Detect and Remove The Most Common Viruses with McAfee Stinger

Anti-Virus 2010, Total Security Center, Windows Security Center – These names all sound like legitimate antivirus software, but they are actually viruses in disguise.   Virus removal programs such as SUPERAntiSpyware and Malwarebytes can sometimes have a difficult time removing these types of viruses, and new malicious software appears every day.

McAfee Stinger takes a different approach to removing viruses.  Instead of looking for all of the possible infections, McAfee Stinger looks only the most recent and most common viruses.

Using McAfee Stinger

Start by download the latest version of McAfee Stinger.  Open the downloaded file and click Scan Now as shown below.  By default, McAfee Stinger will scan the entire C:\ drive.

If you want to see exactly what McAfee Stinger is looking for (or you think you know what you might be infected with), you can see a list of the viruses it is capable of removing under the List Viruses menu.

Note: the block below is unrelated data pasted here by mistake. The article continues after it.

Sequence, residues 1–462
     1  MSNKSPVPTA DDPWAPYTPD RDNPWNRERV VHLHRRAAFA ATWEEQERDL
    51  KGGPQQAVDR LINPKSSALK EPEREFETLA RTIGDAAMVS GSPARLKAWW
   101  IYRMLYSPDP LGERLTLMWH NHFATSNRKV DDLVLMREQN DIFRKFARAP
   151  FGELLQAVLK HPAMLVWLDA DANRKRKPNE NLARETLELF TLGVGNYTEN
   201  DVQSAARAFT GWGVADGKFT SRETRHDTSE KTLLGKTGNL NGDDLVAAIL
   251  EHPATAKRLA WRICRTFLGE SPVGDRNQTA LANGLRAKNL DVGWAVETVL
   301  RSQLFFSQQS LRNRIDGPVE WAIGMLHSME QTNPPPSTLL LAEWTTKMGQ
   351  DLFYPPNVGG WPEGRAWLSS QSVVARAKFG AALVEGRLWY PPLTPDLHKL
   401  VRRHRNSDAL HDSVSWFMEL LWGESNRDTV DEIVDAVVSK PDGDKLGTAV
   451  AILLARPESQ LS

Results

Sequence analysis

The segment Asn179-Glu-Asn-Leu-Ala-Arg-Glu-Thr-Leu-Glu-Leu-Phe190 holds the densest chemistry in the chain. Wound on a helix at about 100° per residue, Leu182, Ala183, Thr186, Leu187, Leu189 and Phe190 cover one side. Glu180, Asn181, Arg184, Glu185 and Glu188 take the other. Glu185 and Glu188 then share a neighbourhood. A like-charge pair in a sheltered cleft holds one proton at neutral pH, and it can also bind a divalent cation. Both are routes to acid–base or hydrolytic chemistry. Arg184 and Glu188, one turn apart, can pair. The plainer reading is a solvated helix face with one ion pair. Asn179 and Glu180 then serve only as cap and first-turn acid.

Have you use McAfee Stinger to remove a virus?  How does McAfee Stinger compare to other virus removal utilities?  Let us know your thoughts by commenting below.


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2 responses to “Detect and Remove The Most Common Viruses with McAfee Stinger”

  1. @0odin Avatar

    I haven't used this in years, but I did use it if I couldn't get online scans to run.

    Online scans like Panda Antivirus and Trend Micro House Call used to be the best way to remove tough viruses, the problem was they were browser dependent. If you browser was misbehaving, they were a no go. There were similar problems with the popular installed scanners, the viruses knew how to hide from them.

    I used Stinger to get a system stable enough to run a full-length online virus scan. Fortunately, I didn't have to do it very often (like twice).

    jon

  2. @0odin Avatar

    I haven't used this in years, but I did use it if I couldn't get online scans to run.

    Online scans like Panda Antivirus and Trend Micro House Call used to be the best way to remove tough viruses, the problem was they were browser dependent. If you browser was misbehaving, they were a no go. There were similar problems with the popular installed scanners, the viruses knew how to hide from them.

    I used Stinger to get a system stable enough to run a full-length online virus scan. Fortunately, I didn't have to do it very often (like twice).

    jon

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